Silliness and Music Prevailed
With so many dark and depressing musicals dotting the New York theater scene, a zany time was had by all and sundry at Babes in Arms , the first of this year’s Encores productions of staged concert versions of seldom-performed musicals at the City Center, Feb. 12 to 14. Nobody went away from this one saying, “If only they had some songs.” The audience was singing along in the overture to the strains of “Where or When” and by the time they got around to “My Funny Valentine,” I thought the lady next to me was going to join the cast on stage.
I’ve never seen anything but the M-G-M version of this 1937 Rodgers and Hart musical, so I always associate it with Judy Garland and Mickey Rooney, but the cherished score remains zestful under any circumstances. Even after John Guare cut and reshaped hunks of the book, monumental silliness prevailed, but under the guidance of director-choreographer Kathleen Marshall, a 32-member cast with zip, dash, exuberance and astonishing versatility and professionalism propelled Babes in Arms from one ovation to the next.
The plot, about a Long Island town of show business kids trying to put on a barn show to support themselves while their parents are away in vaudeville, must have seemed idiotic even back in 1937. In a convoluted story that also includes a racist bigot, a baby who’s already a washed-up Hollywood star and a famous French aviator who lands accidentally in the cornfield on his flight from Paris to Newark (!), songs appear for no other reason than the fact that Rodgers and Hart had just breezed in fresh from their piano bench.
But what songs! “Johnny One Note,” “Way Out West (on West End Avenue),” “I Wish I Were in Love Again,” “My Funny Valentine,” “The Lady Is a Tramp”–well, who cares if they have nothing to do with the plot. The dopey and ludicrous book, as well as lyrics that rhyme “antelope” with “cantaloupe,” were all served with amiable zest by a knockout cast that included such veterans as Donna McKechnie, Don Correia, Priscilla Lopez and Thommie Walsh as the parents (all original members of A Chorus Line ); and such newcomers as pie-faced Christopher Fitzgerald, golden-voiced Erin Dilly (a strong reminder of the young Julie Andrews), brassy soubrette Jessica Stone, rotund but Merman-piped Melissa Rain Anderson, and Australian cabaret sensation David Campbell, who made a dashing substitute for Mickey Rooney and finally got a chance to sing the kind of material he should be doing in his club act.
The dream ballets were a riot, and the ingenious Egyptian dance number with canoe oars and dish towels for Sphinx headdresses, was brilliant enough to have been in an M-G-M musical of its own. (In fact, it was. Ms. Marshall has obviously seen Robert Alton’s staging of June Allyson’s “Cleopatterer” number in Till the Clouds Roll By .) I am all in favor of big talents borrowing from even bigger talents for the common good. In the case of Babes in Arms , the audience was the winner. What a treat to forget your troubles and just get happy with a robust gang of gifted troupers facing life’s most daunting alternative–the work farm or Broadway!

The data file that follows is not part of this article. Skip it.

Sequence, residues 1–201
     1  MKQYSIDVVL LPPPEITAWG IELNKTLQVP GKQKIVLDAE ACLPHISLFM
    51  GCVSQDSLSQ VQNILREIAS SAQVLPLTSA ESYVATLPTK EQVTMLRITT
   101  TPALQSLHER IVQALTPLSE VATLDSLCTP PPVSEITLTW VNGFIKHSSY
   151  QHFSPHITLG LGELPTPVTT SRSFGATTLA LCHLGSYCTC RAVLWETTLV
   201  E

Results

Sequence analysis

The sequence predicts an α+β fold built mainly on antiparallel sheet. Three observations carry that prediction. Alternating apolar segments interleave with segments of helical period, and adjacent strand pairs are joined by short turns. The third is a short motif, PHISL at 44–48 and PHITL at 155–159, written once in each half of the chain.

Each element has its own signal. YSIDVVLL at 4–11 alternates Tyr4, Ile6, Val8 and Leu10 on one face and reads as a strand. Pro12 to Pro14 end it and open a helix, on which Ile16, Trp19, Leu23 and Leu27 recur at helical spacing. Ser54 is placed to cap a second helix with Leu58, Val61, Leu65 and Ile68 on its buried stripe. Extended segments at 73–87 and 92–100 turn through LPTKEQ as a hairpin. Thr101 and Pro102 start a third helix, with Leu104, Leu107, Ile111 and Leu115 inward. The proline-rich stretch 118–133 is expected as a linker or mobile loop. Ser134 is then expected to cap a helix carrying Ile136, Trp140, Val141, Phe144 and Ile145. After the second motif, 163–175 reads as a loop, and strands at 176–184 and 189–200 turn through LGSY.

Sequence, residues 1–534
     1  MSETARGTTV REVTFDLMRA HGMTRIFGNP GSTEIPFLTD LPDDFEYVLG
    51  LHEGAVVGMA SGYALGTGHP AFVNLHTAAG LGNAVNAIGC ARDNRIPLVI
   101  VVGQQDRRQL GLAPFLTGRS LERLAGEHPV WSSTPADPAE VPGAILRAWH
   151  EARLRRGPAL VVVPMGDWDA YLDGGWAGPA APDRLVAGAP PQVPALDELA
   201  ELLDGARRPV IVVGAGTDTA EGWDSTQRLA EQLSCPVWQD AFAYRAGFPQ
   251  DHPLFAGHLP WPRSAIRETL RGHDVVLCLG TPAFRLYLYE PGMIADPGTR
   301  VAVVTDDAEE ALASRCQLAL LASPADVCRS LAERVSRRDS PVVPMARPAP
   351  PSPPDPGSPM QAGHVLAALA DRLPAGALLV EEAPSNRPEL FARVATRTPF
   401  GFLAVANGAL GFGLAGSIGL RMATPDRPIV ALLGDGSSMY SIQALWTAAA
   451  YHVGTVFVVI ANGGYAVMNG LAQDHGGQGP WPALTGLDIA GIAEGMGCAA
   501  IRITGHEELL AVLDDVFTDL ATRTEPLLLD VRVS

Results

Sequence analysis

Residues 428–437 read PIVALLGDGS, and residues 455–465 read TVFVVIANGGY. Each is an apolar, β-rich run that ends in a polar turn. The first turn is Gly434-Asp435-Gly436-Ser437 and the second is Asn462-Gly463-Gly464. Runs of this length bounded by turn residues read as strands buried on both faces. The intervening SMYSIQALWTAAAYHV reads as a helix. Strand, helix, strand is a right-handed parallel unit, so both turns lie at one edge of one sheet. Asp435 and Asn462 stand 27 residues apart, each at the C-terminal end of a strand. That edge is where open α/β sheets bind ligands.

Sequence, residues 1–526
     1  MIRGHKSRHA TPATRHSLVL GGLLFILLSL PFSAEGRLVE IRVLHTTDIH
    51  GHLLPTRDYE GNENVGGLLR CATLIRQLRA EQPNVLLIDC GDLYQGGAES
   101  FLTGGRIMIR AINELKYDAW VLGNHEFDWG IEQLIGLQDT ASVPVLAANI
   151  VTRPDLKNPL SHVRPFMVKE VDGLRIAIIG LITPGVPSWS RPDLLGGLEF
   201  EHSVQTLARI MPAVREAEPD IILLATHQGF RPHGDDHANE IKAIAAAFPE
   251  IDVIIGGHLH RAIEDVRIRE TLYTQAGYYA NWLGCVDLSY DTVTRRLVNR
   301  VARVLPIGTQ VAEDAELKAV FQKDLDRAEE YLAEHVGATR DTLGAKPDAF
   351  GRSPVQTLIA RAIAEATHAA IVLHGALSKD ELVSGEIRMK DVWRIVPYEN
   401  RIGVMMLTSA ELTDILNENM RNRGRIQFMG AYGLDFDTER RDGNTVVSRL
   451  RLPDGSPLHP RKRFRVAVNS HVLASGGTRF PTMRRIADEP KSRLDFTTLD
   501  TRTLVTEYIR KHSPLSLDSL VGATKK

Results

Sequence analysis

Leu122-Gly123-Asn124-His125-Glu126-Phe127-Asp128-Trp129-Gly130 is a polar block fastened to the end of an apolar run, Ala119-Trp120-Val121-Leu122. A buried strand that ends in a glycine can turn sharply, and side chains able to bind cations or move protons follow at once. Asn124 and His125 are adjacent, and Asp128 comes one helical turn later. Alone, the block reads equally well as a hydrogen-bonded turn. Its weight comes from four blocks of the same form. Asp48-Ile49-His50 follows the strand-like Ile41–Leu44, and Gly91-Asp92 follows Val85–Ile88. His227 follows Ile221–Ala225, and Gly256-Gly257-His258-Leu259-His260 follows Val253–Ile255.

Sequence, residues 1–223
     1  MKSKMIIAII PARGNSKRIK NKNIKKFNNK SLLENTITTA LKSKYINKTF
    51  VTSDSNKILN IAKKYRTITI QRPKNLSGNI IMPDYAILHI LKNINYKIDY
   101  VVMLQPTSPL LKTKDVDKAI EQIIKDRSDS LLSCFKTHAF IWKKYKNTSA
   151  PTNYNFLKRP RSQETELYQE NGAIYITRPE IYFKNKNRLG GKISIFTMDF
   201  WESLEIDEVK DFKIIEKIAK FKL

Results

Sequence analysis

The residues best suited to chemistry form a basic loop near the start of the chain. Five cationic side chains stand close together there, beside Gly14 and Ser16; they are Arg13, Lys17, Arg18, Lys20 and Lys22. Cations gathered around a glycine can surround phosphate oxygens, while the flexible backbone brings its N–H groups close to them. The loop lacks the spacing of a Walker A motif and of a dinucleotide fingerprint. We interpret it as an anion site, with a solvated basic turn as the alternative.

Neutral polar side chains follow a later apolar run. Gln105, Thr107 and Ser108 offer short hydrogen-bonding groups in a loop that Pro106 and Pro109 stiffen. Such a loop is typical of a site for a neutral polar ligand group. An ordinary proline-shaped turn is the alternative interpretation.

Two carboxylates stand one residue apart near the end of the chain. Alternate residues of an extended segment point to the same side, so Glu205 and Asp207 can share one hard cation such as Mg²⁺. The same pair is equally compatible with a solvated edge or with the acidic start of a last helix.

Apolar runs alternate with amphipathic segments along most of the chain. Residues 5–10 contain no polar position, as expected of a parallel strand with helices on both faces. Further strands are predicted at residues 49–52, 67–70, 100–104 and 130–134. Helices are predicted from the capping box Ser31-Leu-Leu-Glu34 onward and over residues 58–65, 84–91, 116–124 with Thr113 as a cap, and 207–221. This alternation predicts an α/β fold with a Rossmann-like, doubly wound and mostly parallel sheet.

The Encores series is fast becoming one of my favorite annual picnics. The next of this season’s three productions, slated for six performances March 25 to March 29, will be the first revival ever of the legendary Ziegfeld Follies of 1936 , a revue originally produced by Billie Burke, Ziegfeld’s widow, with comedy sketches staged by John Murray Anderson, choreography by George Balanchine and the aforementioned Robert Alton, songs by Ira Gershwin and Vernon Duke, and a cast that included Fanny Brice, Josephine Baker, Bobby Clark, Judy Canova, sultry-voiced Gertrude Niesen (the Julie Wilson of her day), Avon Long, the Nicholas Brothers and two newcomers nobody ever heard of who stepped out on the stage at the Winter Garden Theater and stopped the show. Their names were Bob Hope and Eve Arden.
This will be a tall order, but I think Encores is up to the challenge. The clamoring for tickets can already be heard, so don’t say you haven’t been warned in time. If Babes in Arms was an Encores valentine, I can’t wait to see what they’ll pull out of their bonnets for Easter.
It’s the Dog, Stupid!
The Broadway revival of You’re a Good Man, Charlie Brown is like an exploding valentine. New songs and fresh material from the Peanuts cartoons created since the show’s first run in 1967 add dimension to the microscopic world of life’s clichés as seen through the clear-as-gumdrop eyes of precocious children. The dance routines by Jerry Mitchell, the talented choreographer who staged the fine terpsichore in the highly acclaimed Paper Mill Playhouse revival of Follies , are both imaginative and breezy, and the zippy comic-book sets by David Gallo look just like Charles M. Schulz drew them with a 36-assortment box of deluxe crayons.
The cast is delicious, from saucer-eyed Anthony Rapp’s Charlie, who never gets a valentine himself and can’t keep a kite in the air but has a big heart, to Kristin Chenoweth’s Sally, the eternal pessimist in Shirley Temple curls whose favorite word is “No!” to B.D. Wong’s deep-thinking, deeply insecure, thumb-sucking Linus. But the real discovery here is Roger Bart, a scruffy, pettable Snoopy the Dog who laments the fact that a mutt has so little chance of advancement. See this charming show for many feel-good reasons, but especially for Mr. Bart’s big “11 o’clock number” called “Suppertime,” stopping the show by tearing up the stage (and his puppy chow) like a canine cross between Danny Kaye and Al Jolson.